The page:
I met Ana.


Podía salir.
I was able to leave.

Pude salir.
I managed to leave.

no poder:

No podía terminar.
I was not able to finish.

No pude terminar.
I failed to finish.


Quería hablar.
I wanted to speak.

Quise hablar.
I tried to speak.

no querer:

No quería leer.
I didn’t want to read.

No quise leer.
I refused to read.


Sabía la razón.
I knew the reason.

Supe la razón.
I found out the reason.


Tenía guantes.
I had gloves.

Tuve guantes.
I got gloves.

The Imperfect and the Preterite Together

It’s not at all uncommon to have both preterite and imperfect conjugations in the same sentence. In fact, it happens a lot. The imperfect (or the imperfect progressive) is used to explain what was happening when a preterite action occurred:

Los perros dormían cuando Carlos entró.
The dogs were sleeping when Carlos entered.

Cuando llegaron a la carretera el tiempo hacía calor.
When they reached the highway the weather was hot.

Yo me caí mientras que estábamos corriendo.
I fell while we were running.

Era, Fue, Estaba, Estuvo? How Do I Say “Was” in Spanish?

Translating “was” into Spanish is doubly difficult because not only do we need to think about which tense to use, imperfect or preterite; we also need to choose which verb to use, ser or estar. All the the basic rules for both ser/estar and imperfect/preterite still hold true; we just need to consider them together:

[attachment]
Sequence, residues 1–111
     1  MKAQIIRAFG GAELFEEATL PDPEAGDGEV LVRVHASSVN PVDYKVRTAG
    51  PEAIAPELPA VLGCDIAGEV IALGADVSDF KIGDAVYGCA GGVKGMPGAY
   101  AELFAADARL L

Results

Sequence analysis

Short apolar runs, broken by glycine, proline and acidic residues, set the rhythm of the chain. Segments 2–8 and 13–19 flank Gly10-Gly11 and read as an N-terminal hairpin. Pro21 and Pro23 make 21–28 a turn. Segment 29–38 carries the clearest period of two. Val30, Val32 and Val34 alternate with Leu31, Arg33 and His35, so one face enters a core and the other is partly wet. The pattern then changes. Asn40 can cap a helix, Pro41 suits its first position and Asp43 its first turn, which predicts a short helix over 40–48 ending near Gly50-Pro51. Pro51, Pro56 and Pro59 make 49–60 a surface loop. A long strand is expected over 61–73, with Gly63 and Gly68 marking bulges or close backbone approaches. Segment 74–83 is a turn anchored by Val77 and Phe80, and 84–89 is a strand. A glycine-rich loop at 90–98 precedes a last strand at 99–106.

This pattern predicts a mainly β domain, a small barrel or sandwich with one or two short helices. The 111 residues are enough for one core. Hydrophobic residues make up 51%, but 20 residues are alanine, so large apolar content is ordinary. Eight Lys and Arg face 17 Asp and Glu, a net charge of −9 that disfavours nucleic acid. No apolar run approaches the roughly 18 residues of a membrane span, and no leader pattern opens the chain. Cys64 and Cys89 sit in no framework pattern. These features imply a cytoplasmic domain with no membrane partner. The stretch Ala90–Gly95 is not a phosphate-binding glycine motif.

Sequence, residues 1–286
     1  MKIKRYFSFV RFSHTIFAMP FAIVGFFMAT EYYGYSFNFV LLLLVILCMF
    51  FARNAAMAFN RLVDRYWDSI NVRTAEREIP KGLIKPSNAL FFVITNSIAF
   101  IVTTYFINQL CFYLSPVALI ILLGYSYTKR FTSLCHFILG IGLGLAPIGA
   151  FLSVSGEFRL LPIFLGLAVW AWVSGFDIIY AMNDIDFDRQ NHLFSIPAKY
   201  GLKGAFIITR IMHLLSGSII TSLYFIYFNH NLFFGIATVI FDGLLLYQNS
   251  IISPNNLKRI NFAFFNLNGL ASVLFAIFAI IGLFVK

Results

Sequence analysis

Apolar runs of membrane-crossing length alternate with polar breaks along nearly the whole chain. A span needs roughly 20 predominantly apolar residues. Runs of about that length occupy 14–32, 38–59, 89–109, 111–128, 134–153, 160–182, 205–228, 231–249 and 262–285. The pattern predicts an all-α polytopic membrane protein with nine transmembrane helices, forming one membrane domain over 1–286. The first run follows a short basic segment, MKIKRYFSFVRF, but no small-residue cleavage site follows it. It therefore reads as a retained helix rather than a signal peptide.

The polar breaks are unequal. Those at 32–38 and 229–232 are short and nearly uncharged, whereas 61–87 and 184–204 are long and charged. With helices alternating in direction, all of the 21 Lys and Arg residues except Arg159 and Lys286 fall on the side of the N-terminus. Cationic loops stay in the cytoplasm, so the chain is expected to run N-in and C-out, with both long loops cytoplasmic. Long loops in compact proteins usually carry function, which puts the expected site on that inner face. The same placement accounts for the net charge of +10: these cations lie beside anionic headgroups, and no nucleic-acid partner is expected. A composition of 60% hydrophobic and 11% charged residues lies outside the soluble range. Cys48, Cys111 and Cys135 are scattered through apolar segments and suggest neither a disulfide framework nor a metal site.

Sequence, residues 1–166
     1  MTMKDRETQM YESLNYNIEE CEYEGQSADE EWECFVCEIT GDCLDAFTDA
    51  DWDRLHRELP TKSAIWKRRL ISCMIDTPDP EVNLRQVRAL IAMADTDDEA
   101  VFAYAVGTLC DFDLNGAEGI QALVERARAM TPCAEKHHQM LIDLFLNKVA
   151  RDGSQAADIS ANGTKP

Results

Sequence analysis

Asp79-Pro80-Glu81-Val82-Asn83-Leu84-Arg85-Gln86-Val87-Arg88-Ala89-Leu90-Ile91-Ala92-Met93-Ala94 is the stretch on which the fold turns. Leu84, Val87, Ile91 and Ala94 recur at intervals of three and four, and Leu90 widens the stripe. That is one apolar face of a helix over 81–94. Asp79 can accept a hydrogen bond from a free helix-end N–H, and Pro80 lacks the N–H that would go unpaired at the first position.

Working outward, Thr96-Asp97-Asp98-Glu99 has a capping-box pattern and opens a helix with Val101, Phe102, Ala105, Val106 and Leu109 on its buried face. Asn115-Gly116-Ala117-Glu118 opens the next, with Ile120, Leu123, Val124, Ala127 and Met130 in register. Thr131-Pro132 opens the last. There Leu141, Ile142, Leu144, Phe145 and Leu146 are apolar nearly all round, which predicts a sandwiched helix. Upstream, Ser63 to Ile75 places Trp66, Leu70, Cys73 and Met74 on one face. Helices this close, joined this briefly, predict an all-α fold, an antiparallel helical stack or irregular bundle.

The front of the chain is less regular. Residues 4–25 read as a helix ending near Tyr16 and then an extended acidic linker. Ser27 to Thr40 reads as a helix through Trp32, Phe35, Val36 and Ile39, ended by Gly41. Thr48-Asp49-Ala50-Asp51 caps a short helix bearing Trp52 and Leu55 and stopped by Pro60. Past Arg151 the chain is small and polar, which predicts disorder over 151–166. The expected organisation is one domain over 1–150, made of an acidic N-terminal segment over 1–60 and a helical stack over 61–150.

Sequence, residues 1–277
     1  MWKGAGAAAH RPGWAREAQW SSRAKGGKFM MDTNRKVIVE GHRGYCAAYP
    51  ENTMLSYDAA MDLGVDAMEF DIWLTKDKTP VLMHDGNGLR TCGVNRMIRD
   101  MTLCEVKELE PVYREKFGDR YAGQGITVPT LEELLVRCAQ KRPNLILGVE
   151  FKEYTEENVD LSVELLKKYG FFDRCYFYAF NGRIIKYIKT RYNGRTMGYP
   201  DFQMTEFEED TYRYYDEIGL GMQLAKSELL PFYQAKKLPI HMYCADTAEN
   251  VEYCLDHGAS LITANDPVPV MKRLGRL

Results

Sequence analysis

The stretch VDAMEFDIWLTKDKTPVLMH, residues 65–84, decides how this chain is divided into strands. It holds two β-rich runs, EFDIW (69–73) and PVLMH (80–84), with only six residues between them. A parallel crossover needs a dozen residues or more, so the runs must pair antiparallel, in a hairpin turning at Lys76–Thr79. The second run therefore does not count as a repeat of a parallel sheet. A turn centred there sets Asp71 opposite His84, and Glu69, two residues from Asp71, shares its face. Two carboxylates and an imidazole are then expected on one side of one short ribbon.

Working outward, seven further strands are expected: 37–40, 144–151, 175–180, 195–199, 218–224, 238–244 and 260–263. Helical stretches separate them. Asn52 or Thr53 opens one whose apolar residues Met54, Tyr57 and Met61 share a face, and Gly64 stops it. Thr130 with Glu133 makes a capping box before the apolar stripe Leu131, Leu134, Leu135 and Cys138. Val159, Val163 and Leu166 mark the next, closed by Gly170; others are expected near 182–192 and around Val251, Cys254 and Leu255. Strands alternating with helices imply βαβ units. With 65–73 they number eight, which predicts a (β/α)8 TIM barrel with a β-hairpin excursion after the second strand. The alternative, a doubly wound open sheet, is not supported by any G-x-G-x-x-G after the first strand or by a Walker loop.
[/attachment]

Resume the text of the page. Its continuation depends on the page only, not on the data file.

background information of condition or location, time frame is unknown or unimportant

condition or location with a definite time frame, condition is no longer true or relevant


background information of an inherent characteristic, time frame is unknown or unimportant

inherent characteristic with a definite time frame, characteristic is no longer true or relevant

Some examples:

Martín estaba deprimido.
Martín was depressed.
(We’re not sure or it doesn’t matter how Martín is feeling now.)

Martín estuvo deprimido.
Martín was depressed.
(We know Martín in no longer depressed; he’s feeling better now.)

El Sr. Gallegos era un buen maestro.
Mr. Gallegos was a good teacher.
(We’re not sure or it’s not important if Mr. Gallegos is still teaching.)

El Sr. Gallegos fue un buen maestro.
Mr. Gallegos was a good teacher.
(We know Mr. Gallegos is no longer teaching.)

Under normal circumstances you’re more likely to need imperfect forms of ser and estar, so when in doubt, use the imperfect. If you’re talking about something with a specific beginning, duration, or end, switch to the preterite.